Intuitively one would think that in this way you just heat it up. But this answer is not always true. Since a long time, it is well known and often used in various laboratories all around the world, that laser light can be used to cool the motion of atoms. In this way, different sorts of atoms can be prepared in very cold motional states. Laser cooling has opened a still growing and very successful field of science. Many research groups have used these methods to prepare atoms in states, which can then only be described in a quantum mechanical framework.
Performing similar quantum experiments with macroscopic and biological systems is the main focus in our group . Various matter-wave interferometers [Far-field diffraction , KDTL interferometry  and OTIMA interferometry] provide a way to observe the quantum nature of increasingly massive systems, currently in the mass range of up to 10,000 amu (810 atoms per molecule). Future experiments aim at showing quantum effects with substantially more massive objects, eventually in the range of 107 ...1010 amu. This mass regime shall enable us to ...
All these experiments will require long interaction and coherence times of material objects in an interferometer. Therefore, a source for slow particles or (bio)molecules will be needed.
For these objects it is important to develop new laser cooling techniques since all established schemes were based on particular internal atomic properties.
They rely on the near-resonant, cyclic coupling between laser light and the internal states of the atoms. In case of nanoparticles or complex molecules, these transitions can no longer be individually resolved and resonant laser cooling methods fail.
More than 15 years ago, Helmut Ritsch , a theorist from the University of Innsbruck, and his group and subsequently also the Nobel laureate Steven Chu  at Stanford University and Vladan Vuletic (today MIT Cambridge) formulated ideas how to circumvent this problem. One should no longer rely on the internal structure of the atoms but rather modify the properties of the light-field. The resonance of the atomic transitions can be effectively replaced by the resonance of an optical resonator (cavity).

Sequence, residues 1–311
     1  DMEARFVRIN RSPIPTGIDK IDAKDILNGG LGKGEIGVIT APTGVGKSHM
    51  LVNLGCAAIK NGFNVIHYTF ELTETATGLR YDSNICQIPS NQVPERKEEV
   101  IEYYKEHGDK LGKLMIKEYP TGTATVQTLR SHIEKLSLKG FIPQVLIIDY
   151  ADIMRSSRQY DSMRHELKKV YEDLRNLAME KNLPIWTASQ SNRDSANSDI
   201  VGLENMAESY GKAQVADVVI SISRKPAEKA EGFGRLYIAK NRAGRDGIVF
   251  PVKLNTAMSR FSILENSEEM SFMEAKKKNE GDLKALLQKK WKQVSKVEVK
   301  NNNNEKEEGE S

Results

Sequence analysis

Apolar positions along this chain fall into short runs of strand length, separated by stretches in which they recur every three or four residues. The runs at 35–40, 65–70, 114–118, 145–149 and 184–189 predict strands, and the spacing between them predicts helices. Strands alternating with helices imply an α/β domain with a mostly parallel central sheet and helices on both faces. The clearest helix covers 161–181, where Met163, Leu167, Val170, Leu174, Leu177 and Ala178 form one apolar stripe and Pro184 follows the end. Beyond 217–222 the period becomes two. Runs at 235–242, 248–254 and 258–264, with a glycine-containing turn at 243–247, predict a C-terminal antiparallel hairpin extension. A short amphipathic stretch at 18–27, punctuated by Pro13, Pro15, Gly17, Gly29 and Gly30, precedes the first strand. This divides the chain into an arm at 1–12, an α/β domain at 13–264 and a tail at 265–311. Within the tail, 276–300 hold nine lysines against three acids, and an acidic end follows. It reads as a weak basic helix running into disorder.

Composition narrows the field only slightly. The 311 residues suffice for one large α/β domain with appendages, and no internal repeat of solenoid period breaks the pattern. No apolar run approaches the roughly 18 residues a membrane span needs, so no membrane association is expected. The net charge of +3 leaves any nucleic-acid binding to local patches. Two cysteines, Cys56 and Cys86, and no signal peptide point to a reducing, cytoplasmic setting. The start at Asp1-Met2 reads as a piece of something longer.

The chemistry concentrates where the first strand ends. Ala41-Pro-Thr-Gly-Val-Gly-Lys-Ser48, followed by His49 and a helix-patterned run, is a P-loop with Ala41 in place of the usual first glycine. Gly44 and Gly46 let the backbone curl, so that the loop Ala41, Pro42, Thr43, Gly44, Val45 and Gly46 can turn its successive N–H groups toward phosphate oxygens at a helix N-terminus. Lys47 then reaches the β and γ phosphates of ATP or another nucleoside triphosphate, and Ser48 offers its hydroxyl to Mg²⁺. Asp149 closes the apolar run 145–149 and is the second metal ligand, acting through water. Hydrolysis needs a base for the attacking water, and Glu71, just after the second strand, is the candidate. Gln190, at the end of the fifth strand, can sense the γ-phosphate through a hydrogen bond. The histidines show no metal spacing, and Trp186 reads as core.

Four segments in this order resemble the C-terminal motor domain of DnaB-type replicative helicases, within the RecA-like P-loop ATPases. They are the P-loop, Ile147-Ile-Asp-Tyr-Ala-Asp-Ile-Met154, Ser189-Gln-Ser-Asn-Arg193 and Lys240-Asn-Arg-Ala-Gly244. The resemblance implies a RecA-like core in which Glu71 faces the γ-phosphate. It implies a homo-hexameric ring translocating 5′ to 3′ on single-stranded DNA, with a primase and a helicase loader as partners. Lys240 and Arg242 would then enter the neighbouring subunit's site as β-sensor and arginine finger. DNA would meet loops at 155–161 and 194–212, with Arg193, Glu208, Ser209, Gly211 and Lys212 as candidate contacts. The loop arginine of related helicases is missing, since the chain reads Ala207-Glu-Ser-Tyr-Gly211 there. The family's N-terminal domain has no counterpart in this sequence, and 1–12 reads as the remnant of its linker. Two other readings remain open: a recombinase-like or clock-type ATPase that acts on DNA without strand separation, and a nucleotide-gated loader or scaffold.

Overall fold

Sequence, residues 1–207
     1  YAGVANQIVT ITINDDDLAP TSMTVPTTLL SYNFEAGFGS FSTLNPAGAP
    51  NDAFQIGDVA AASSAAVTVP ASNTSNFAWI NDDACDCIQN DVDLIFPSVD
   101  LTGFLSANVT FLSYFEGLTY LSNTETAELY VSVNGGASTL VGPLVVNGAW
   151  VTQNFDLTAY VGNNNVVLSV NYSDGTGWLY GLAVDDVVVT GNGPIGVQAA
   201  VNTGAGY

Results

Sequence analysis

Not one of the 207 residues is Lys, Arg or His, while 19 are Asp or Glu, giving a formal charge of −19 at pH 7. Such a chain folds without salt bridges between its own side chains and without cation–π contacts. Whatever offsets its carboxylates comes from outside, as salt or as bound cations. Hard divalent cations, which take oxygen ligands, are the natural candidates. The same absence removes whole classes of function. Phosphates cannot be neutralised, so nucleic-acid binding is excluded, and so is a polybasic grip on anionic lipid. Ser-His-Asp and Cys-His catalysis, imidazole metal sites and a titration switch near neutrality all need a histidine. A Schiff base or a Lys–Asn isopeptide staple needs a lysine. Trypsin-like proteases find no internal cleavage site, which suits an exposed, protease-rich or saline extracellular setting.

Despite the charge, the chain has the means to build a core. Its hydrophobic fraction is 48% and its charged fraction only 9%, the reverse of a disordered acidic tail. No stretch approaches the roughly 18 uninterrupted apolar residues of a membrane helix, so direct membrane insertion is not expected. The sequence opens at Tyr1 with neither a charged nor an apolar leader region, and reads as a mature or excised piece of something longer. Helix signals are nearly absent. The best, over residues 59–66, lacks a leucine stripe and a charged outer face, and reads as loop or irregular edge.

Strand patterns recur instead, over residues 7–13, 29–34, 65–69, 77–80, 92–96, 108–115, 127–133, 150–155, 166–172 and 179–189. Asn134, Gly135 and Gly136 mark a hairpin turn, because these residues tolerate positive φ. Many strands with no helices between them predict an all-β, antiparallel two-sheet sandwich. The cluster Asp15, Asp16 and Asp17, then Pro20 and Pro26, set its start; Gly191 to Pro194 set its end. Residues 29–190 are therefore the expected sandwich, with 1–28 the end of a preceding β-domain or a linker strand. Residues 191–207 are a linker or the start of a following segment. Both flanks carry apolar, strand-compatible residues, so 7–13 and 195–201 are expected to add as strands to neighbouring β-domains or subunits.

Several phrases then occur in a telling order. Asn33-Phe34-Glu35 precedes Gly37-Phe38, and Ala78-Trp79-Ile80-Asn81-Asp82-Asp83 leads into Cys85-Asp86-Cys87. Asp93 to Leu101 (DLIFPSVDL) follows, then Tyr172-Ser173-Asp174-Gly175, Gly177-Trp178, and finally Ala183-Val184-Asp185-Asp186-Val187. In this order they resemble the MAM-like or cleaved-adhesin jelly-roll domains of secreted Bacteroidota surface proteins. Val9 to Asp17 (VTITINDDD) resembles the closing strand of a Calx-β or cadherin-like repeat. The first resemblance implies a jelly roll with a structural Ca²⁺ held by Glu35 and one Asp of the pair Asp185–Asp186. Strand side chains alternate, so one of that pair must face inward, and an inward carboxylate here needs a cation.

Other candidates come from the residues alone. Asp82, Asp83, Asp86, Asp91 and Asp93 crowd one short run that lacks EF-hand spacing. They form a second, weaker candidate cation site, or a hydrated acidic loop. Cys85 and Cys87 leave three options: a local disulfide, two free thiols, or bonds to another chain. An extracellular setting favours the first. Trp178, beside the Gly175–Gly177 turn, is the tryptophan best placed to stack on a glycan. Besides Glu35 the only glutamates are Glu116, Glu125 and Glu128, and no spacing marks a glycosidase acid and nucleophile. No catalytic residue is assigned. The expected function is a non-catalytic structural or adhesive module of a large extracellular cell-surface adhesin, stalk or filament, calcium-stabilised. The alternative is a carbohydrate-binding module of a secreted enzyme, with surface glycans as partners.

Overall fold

A cavity can - in the simplest case - be considered as two opposed mirrors with a certain distance which needs to be an integer multiple of half the input laser wavelength. When the cavity is filled with laser light, a standing light wave is formed. This is a sinusoidal pattern of bright and dark regions between the mirrors. A nanoparticle that flies through this pattern always feels an attractive force towards the bright spots.
The trick of cavity cooling now is the following: A nanoparticle that moves over the standing wave effectively alters the distance between the mirrors because the light needs a longer time to travel through it (index of refraction > 1). In this way, dependent on the position of the particle, it allows more or less light to enter the cavity. By choosing the right experimental parameters, the overall cavity intensity will then always be highest whenever the particle leaves a bright region of the standing wave and will be lowest when the particle approaches it. In this way it always feels a stronger slowing force than an accelerating one.